28/09/2020

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Britain ready to allow import of chlorinated chicken from US

The proposal represents a victory for George Eustice, the Environment Secretary – Henry Nicholls/Reuters Britain...
The proposal represents a victory for George Eustice, the Environment Secretary - Henry Nicholls/Reuters
The proposal represents a victory for George Eustice, the Environment Secretary – Henry Nicholls/Reuters

Britain is prepared to permit imports of chlorinated chicken from the US but will slap high tariffs on cheaply-produced food in order to minimise the impact on British farmers.

The latest Government proposal for a trade deal with the US is for a “dual tariff” regime that imposes different levels of duty on imported foods, depending on whether they comply with UK animal welfare standards.

Hormone-fed beef, chlorinated chicken and other foods that use techniques banned in Britain will be allowed across the Atlantic, but ministers want to use tariffs to make it uneconomical for US producers to export them to the UK.

High-quality foods, such as organically-reared free range meat, would be subject to lower tariffs in order to encourage foreign producers to lift their animal welfare to British levels.

The National Farmers’ Union described the scheme as “a significant step forwards” because it would prevent the US from flooding the UK market with cheap food produced using techniques banned in Britain.

But Brexiteers will be concerned that British consumers will not see the benefits of Brexit in the form of cheaper food on supermarket shelves.

It represents a major victory for George Eustice, the Environment Secretary, over Liz Truss, the International Trade Secretary, with free marketeer Ms Truss having championed an alternative proposal that would have seen tariffs reduced to zero over 10 years.

Liz Truss had backed an alternative proposal to reduce tariffs to zero over 10 years - Victoria Jones/PA
Liz Truss had backed an alternative proposal to reduce tariffs to zero over 10 years – Victoria Jones/PA

The dual tariff proposal was adopted at a ministerial meeting on Monday and will be put to the US as part of the ongoing negotiations over a post-Brexit trade deal.

Donald Trump, the US President, is an opponent of tariffs and could reject the idea out of hand, but it is likely to become the standard offer to other countries as the UK continues to sign trade deals around the world.

Ministers are trying to achieve a balancing act of bringing down the cost of living for consumers through post-Brexit trade deals while at the same time protecting the interests of British farmers, who are at risk of being put out of business if they are undercut by foreign imports.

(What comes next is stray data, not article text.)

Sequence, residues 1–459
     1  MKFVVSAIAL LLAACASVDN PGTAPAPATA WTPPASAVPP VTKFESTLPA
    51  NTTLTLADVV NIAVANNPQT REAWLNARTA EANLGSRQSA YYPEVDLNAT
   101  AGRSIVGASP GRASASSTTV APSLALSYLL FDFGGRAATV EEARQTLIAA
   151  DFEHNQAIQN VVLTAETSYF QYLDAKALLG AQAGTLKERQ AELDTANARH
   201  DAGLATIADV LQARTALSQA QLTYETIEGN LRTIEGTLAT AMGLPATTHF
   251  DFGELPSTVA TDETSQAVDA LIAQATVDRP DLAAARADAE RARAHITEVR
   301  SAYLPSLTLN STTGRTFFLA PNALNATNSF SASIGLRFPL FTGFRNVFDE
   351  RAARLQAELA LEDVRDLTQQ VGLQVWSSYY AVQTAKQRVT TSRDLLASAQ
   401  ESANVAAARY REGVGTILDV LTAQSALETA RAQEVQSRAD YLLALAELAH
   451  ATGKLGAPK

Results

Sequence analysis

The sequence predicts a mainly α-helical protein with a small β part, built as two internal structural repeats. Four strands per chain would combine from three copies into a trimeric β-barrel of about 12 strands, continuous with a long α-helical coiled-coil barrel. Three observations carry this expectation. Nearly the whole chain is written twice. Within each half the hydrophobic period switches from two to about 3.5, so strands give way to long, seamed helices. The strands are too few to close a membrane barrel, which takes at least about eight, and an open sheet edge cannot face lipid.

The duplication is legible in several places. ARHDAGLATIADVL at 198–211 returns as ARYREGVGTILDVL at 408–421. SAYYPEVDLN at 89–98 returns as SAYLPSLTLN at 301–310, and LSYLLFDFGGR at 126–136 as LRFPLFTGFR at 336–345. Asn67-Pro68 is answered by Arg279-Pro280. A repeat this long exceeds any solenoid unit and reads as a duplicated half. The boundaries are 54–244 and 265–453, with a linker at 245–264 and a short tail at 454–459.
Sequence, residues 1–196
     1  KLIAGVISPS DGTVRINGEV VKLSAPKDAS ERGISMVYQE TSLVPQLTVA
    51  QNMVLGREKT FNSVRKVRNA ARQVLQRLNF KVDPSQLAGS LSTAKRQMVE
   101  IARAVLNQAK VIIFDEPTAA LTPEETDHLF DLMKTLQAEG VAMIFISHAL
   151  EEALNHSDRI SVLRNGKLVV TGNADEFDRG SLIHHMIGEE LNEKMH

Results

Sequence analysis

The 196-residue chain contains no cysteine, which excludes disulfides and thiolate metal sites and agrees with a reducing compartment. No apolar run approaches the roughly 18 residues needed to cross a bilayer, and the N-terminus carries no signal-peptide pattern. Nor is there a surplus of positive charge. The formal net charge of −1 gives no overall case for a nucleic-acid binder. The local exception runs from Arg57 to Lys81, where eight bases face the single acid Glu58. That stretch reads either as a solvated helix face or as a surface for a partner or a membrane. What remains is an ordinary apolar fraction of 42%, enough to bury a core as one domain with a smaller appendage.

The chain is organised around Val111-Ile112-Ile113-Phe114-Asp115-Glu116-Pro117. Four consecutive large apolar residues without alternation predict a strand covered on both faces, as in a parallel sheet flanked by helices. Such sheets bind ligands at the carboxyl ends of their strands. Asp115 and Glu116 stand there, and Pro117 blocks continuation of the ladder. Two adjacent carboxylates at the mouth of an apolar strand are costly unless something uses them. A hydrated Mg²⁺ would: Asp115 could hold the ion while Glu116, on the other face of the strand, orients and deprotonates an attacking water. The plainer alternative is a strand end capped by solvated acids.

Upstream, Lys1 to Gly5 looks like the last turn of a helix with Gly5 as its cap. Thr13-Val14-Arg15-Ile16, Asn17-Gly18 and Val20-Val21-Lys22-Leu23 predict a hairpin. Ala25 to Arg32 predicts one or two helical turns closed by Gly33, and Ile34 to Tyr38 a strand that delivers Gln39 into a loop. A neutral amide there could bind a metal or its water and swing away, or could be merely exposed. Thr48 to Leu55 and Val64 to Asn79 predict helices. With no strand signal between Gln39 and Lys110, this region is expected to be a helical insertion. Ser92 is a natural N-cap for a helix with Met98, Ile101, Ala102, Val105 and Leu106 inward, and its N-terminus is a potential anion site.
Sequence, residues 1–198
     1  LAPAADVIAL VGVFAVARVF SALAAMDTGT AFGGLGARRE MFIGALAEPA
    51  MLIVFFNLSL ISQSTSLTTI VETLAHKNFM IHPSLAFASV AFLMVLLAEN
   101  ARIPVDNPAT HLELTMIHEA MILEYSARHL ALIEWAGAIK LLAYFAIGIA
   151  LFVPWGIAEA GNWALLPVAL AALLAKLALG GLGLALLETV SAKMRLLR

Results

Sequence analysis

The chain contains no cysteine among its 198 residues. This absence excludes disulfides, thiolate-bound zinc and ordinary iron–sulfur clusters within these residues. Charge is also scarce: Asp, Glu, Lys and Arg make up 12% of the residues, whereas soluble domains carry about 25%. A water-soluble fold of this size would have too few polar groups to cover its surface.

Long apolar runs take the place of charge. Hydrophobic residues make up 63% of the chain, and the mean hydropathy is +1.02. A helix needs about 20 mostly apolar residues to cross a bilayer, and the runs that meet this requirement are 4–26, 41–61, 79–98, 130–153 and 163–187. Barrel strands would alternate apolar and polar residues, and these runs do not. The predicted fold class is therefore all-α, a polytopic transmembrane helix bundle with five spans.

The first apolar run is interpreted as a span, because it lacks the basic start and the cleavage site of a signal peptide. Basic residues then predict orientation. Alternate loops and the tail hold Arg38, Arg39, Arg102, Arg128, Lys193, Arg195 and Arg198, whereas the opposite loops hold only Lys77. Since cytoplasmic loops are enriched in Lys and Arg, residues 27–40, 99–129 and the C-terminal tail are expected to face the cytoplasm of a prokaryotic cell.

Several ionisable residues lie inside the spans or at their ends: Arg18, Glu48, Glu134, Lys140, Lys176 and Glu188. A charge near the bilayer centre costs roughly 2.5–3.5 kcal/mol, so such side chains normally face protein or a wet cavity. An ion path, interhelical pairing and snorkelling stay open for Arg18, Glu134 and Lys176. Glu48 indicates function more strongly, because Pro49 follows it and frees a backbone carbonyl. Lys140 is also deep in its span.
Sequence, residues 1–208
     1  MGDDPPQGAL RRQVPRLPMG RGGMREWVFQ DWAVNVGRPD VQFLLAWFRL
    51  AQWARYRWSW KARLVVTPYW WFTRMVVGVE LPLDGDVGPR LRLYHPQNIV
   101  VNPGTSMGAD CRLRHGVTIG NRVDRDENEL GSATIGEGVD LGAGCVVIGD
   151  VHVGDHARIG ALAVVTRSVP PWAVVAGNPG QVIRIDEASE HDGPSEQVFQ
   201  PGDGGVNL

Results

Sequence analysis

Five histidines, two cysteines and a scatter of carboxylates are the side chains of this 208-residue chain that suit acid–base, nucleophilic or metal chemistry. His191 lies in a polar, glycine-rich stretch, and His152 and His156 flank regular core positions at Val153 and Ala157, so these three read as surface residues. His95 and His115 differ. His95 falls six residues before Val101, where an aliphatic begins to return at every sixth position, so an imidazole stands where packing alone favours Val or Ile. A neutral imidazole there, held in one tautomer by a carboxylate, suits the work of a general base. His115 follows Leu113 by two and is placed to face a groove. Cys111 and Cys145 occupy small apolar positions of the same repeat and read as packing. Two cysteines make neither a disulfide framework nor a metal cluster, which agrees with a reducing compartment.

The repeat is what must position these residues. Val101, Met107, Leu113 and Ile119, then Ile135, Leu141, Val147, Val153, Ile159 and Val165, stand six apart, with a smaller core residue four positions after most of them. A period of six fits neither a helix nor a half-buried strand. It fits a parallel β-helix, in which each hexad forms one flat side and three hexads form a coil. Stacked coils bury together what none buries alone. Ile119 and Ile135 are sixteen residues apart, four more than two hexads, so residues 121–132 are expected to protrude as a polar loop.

One Government source said: “The idea of a dual tariff regime is that the upper band would remove any economic advantage that foreign producers would gain through lower animal welfare standards.

“British farmers would also have a competitive advantage even with goods that are produced to high standards, because of the lower tariff regime applied to imports.”

The issue of chlorinated chicken and hormone-fed beef has become one of the central sticking points of US-UK trade talks. 

The Government accepts such food is safe, but the reason American farmers wash chicken carcasses in chlorine is because they are battery farmed, making them more prone to disease. 

British farmers have argued that it would be grossly unfair to allow foreign imports of foodstuffs that would undercut domestic goods on price because of the fact that they are produced in a way that is banned in the UK.

Minette Batters described the proposals as 'a significant step forward' - PA
Minette Batters described the proposals as ‘a significant step forward’ – PA

Minette Batters, the President of the National Farmers Union, told The Telegraph: “It’s a significant step forwards that the Government has recognised the damage it would do to our farmers, who have to abide by the highest rung of the ladder, if we import food that wouldn’t even get on the lowest rung of the ladder when it comes to food standards.

“But we would call on the Government once again to accept the need for an independent food and farming standards commission to look at the proposals for trade deals. 

“There has been an ongoing disagreement between Defra [the Department for Environment, Food and Rural Affairs] and the Department of International Trade which is why we need a standalone bridge that can advise the Government.”